William Trevor: ‘I am a fiction writer. It is what I had to do’
The writer William Trevor whose novel Love and Summer is included in the shortlist for the International IMPAC DUBLIN Literary Award. Photograph: Eric Luke
He stands in the hotel reception and glances around, noting everything and each person that passes. Dressed in various shades of green – a mossy shirt, tweed jacket, corduroy trousers – and wearing the familiar hat, he might be up in Dublin to visit grandchildren. William Trevor – Mr Cox to the hotel staff – is one of the world’s finest writers yet there is no fanfare, no fuss. No one stares at him; there is no autograph hunter. As soon as he spots me he smiles and says, “Good to see you again.” Trevor is gracious, friendly and practical.
He makes a plan, explaining that he will go upstairs and will quickly return. “We’ll say hello again, and then we will begin.” He reappears as I have found seats and stretches out his right hand, demonstrating how stiff it has become. It makes typing difficult. He is at work on a collection of short stories. “It will be the last book,” he says with a smile of regret.
He has lived with a problem; his head is always busy, full of characters and their stories. “I live with people who don’t exist. I have to write about them and there isn’t enough time. Less and less of it is left.” Sitting beside Trevor, guest of the Dublin Unesco City of Literature, as he holds a white china teacup, puts everything about writing, and much else, into perspective. He says he doesn’t like books that say too much.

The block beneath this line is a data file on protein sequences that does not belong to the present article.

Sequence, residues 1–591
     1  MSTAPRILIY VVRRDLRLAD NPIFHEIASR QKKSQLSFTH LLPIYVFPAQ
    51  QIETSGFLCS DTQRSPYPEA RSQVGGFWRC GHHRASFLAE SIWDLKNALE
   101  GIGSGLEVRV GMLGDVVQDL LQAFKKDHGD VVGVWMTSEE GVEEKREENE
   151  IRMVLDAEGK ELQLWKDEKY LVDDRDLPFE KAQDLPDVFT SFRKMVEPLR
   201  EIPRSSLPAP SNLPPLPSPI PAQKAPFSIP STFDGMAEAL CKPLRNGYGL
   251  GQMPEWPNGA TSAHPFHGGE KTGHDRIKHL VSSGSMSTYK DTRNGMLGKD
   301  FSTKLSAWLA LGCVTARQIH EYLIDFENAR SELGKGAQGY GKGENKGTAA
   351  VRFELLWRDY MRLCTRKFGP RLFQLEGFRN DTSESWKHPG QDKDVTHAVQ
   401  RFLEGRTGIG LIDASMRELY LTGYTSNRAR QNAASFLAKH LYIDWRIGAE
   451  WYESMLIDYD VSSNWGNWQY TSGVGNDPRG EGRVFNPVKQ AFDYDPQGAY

“Writers really shouldn’t feel obliged to explain. Things should be left to the reader. I think the bond between the writer and the reader is very important. One writes the story; that is the writer’s part done. Then the reader gets to work; reading is his job. I have always enjoyed that connection with the reader I haven’t met but feel I know because of having shared an experience: the story.”
There is an irony that practically every writer interviewed will invariably mention Trevor as a major influence, yet he can walk down a Dublin street and not be recognised. He seems amused by all of this. He has always managed to evade detection. Even in his most recent novel, Love and Summer, shortlisted earlier this week for the International Impac Dublin Literary Award, he still surprises with narrative shifts and sidesteps as he follows several characters caught up in their respective secrets and hopes in a brilliantly drawn Irish small town.
Having left Ireland in 1953 to settle in England, Trevor, who will be 83 next month, is aware of those who claim he has long lost touch with his native country. Many English reviewers initially assumed he was British. But Trevor has always maintained an intense political awareness of this small island’s tribal distinctions. “I know Ireland very well,” he says. His understanding of the underlying cultural nuances came from being a poor Protestant, not Anglo-Irish and obviously not Catholic. “We travelled all over because of my father’s job with the banks. We had barely settled in one place and then were on the move again. I never really got around to education. My brother and I were these loafers, hanging around the streets of various Irish small towns. I disliked learning intensely.”